Although we don't believe in timing the market or panicking over market movements, we do like to keep an eye on big changes -- just in case they're material to our investing thesis.
What: Shares of Cara Therapeutics (NASDAQ:CARA), a clinical-stage biopharmaceutical company focused on developing therapies to treat various types of pain, surged as much as 19% after it and development partner Enteris BioPharam announced they'd dosed their first subjects in a phase 1a/1b study of oral CR845 for the treatment of acute and chronic pain.
So what: According to the press release from both Cara and privately held Enteris, the prior phase 1 study involving CR845 "demonstrated a mean oral bioavailability of 16% across all groups under fasting conditions, with peak and total exposures proportional to each dose." The investigational pain med delivered peripheral kappa opioid receptor activation in all doses and appeared to be safe and well-tolerated. The two companies expect to report top-line pharmacokinetic, safety, and biomarker data by the fourth quarter and believe CR845 could address a large pain market where prescription abuse remains a large concern.
Now what: While moving forward with any compound is a positive for a clinical-stage biopharmaceutical company, we should also keep a number of things in context. First, the initial results from oral CR845 were extremely early stage. Even when we get additional data by the fourth-quarter it's going to be geared more toward biomarkers and safety than actual pain-reducing efficacy. In other words, it's probably not a good idea to get too excited about its potential just yet.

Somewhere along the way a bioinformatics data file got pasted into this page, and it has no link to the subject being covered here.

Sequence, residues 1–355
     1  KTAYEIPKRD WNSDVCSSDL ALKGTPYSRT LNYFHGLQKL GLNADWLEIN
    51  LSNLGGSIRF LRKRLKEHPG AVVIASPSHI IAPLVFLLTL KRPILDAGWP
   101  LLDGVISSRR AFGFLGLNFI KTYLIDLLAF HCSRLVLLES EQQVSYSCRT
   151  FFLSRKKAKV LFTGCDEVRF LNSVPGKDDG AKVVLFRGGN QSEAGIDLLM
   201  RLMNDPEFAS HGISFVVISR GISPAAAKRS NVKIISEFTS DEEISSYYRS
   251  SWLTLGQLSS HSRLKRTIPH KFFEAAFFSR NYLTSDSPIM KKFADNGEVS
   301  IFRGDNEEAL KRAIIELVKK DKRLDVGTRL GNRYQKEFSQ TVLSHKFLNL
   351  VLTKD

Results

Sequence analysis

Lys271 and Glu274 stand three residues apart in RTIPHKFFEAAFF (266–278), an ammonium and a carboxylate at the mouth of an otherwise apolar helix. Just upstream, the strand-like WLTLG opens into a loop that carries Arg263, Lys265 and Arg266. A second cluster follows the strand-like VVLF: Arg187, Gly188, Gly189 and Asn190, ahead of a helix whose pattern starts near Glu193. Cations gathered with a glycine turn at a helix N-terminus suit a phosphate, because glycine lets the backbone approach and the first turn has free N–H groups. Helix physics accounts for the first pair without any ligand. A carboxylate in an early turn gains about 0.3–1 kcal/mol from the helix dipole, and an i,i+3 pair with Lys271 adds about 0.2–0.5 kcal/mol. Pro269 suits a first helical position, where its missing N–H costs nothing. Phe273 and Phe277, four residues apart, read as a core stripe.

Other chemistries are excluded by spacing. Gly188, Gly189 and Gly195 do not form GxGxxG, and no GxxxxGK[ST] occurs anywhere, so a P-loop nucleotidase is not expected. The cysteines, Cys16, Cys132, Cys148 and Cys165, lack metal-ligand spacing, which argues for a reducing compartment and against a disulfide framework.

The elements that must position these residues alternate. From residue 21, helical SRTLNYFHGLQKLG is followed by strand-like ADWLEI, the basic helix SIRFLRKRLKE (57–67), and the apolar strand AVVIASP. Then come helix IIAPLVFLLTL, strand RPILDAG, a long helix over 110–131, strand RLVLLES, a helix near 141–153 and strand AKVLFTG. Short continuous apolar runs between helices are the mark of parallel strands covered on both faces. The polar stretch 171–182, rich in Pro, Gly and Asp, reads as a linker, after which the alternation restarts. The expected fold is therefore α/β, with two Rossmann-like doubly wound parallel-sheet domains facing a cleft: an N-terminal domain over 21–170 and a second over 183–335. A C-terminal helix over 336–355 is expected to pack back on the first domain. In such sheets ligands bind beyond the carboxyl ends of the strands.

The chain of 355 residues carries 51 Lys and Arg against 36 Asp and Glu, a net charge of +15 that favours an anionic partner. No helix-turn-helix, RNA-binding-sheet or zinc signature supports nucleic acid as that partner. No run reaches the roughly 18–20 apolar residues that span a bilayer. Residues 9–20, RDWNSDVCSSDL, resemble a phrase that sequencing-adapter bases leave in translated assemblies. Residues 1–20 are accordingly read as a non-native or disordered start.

Also, investors should consider that Cara's pipeline isn't particularly deep. The company anticipates initiating a phase 3 registration trial for CR845 in IV form as a treatment for post-operative pain this year, just began dosing CR845 in tablet form for acute and chronic pain, and is testing CR701, a chronic pain compound in preclinical studies. That is the entire scope of Cara's current pipeline, yet the company is nearing a $400 million valuation. With the Food and Drug Administration so particular about pain med abuse potential I would much rather avoid a company like Cara until it has a product on pharmacy shelves and steady revenue streaming in.